Case Study: (Robert M. Grant) Client: SEGA Strategic Management Case Study: Rivalry in Video Games (Robert M. Grant) Client: SEGA Strategic Management MBA-Entrepreneurial Management Berlin School of Economics (FHW) Lecturer/assessor: David Palmer

More information

Monopoly, Oligopoly, and Monopolistic Competition. Chapter 8. Learning Objectives

Monopoly, Oligopoly, and Monopolistic Competition. Chapter 8. Learning Objectives Monopoly, Oligopoly, and Monopolistic Competition Chapter 8 McGraw-Hill/Irwin Copyright 2013 by The McGraw-Hill Companies, Inc. All rights reserved. Learning Objectives 1. Distinguish among three types

More information

Econ 001 Levinson -- Fall 2007

Econ 001 Levinson -- Fall 2007 Page 1 of 12 Print this page. Econ 001 Levinson -- Fall 2007 Preparing for the Asymmetric Information and the Market for Lemons Experiment Prepares students for the Asymmetric Information and the Market

More information

Demand & Supply. Chapter 7 discusses the laws of supply and demand and the ways in which a voluntary market supports them.

Demand & Supply. Chapter 7 discusses the laws of supply and demand and the ways in which a voluntary market supports them. Demand & Supply Chapter 7 discusses the laws of supply and demand and the ways in which a voluntary market supports them. E.2.1 Define supply and demand and explain the causes of the Law of Supply and

More information

Learning Objectives. Chapter 6. Market Structures. Market Structures (cont.) The Two Extremes: Perfect Competition and Pure Monopoly

Learning Objectives. Chapter 6. Market Structures. Market Structures (cont.) The Two Extremes: Perfect Competition and Pure Monopoly Chapter 6 The Two Extremes: Perfect Competition and Pure Monopoly Learning Objectives List the four characteristics of a perfectly competitive market. Describe how a perfect competitor makes the decision

More information

This lesson was made possible with the assistance of the following organisations:

This lesson was made possible with the assistance of the following organisations: 7 MODULE 2: Fundamentals of Economics in Economics LESSON 2: Basic Principles of Economics TIME: 1 hour 36 minutes AUTHOR: Prof. Francis Wambalaba This lesson was made possible with the assistance of the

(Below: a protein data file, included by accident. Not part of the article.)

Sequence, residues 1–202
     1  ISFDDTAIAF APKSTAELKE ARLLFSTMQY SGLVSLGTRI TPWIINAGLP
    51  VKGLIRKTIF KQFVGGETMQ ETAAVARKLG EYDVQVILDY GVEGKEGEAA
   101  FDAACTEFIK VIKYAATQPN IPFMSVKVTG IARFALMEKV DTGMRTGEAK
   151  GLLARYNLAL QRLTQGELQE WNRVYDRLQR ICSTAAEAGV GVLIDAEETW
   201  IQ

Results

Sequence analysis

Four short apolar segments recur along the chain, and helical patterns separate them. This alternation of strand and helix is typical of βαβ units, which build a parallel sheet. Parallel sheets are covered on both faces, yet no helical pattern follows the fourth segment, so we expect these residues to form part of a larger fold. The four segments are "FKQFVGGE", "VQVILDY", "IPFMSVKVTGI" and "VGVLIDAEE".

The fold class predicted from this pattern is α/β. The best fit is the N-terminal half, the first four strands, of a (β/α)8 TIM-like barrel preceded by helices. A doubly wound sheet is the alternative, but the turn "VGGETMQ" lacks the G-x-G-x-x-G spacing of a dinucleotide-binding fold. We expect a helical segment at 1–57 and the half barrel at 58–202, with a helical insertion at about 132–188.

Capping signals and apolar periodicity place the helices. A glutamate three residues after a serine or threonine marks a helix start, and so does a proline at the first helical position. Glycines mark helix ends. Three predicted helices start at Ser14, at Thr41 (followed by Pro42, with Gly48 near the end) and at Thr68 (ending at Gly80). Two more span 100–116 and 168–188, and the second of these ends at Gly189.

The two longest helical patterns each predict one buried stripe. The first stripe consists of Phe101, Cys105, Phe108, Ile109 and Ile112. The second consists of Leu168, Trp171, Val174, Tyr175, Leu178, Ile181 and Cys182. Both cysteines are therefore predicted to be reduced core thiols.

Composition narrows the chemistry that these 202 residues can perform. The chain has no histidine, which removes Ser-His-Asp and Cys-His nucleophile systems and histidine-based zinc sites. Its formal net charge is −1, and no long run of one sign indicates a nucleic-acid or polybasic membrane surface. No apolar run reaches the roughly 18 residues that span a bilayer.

More information

ECON 202: Principles of Microeconomics. Chapter 13 Oligopoly

ECON 202: Principles of Microeconomics. Chapter 13 Oligopoly ECON 202: Principles of Microeconomics Chapter 13 Oligopoly Oligopoly 1. Oligopoly and Barriers to Entry. 2. Using Game Theory to Analyze Oligopoly. 3. Sequential Games and Business Strategy. 4. The Five

More information

Monopolistic Competition

Monopolistic Competition Monopolistic Competition and Product ifferentiation Outline for Lectures 19 and 20. Read Chapter 12 and the assigned class reading. Announcements What is Monopolistic Competition? Why oligopolists and

More information

De Beers Rulers of the Diamond Industry

De Beers Rulers of the Diamond Industry De Beers Rulers of the Diamond Industry The Rise and Fall of a Monopoly William Yu A Brief Overview of the Diamond Industry Diamond market is estimated to be $30B / year Diamonds have no practical use

More information

Economics Chapter 6 Review

Economics Chapter 6 Review Name: Class: _ Date: _ ID: A Economics Chapter 6 Review Matching a. price ceiling e. shortage b. minimum wage f. rent control c. equilibrium g. surplus d. price floor h. disequilibrium 1. point at which

More information

Economics Chapter 7 Review

Economics Chapter 7 Review Name: Class: Date: ID: A Economics Chapter 7 Review Matching a. perfect competition e. imperfect competition b. efficiency f. price and output c. start-up costs g. technological barrier d. commodity h.